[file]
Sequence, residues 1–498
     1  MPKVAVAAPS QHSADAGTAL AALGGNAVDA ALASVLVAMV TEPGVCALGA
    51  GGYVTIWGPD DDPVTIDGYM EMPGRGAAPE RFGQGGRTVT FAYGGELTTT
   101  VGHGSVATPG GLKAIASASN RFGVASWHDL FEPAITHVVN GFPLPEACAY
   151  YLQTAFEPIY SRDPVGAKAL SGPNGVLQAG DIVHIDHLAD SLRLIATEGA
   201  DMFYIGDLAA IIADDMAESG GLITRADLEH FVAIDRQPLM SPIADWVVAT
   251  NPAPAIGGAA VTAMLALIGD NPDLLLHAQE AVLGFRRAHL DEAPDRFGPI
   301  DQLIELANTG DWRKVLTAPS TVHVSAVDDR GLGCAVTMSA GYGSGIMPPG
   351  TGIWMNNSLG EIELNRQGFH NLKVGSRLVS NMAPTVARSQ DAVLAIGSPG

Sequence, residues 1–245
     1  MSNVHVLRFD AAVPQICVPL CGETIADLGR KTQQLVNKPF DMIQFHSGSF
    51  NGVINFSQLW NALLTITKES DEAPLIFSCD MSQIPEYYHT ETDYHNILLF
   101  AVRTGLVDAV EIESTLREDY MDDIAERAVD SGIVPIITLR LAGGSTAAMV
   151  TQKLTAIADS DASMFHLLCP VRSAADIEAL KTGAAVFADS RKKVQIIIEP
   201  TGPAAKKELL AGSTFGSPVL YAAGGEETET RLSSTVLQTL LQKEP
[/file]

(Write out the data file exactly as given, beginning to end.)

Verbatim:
Sequence, residues 1–498
     1  MPKVAVAAPS QHSADAGTAL AALGGNAVDA ALASVLVAMV TEPGVCALGA
    51  GGYVTIWGPD DDPVTIDGYM EMPGRGAAPE RFGQGGRTVT FAYGGELTTT
   101  VGHGSVATPG GLKAIASASN RFGVASWHDL FEPAITHVVN GFPLPEACAY
   151  YLQTAFEPIY SRDPVGAKAL SGPNGVLQAG DIVHIDHLAD SLRLIATEGA
   201  DMFYIGDLAA IIADDMAESG GLITRADLEH FVAIDRQPLM SPIADWVVAT
   251  NPAPAIGGAA VTAMLALIGD NPDLLLHAQE AVLGFRRAHL DEAPDRFGPI
   301  DQLIELANTG DWRKVLTAPS TVHVSAVDDR GLGCAVTMSA GYGSGIMPPG
   351  TGIWMNNSLG EIELNRQGFH NLKVGSRLVS NMAPTVARSQ DAVLAIGSPG

Sequence, residues 1–245
     1  MSNVHVLRFD AAVPQICVPL CGETIADLGR KTQQLVNKPF DMIQFHSGSF
    51  NGVINFSQLW NALLTITKES DEAPLIFSCD MSQIPEYYHT ETDYHNILLF
   101  AVRTGLVDAV EIESTLREDY MDDIAERAVD SGIVPIITLR LAGGSTAAMV
   151  TQKLTAIADS DASMFHLLCP VRSAADIEAL KTGAAVFADS RKKVQIIIEP
   201  TGPAAKKELL AGSTFGSPVL YAAGGEETET RLSSTVLQTL LQKEP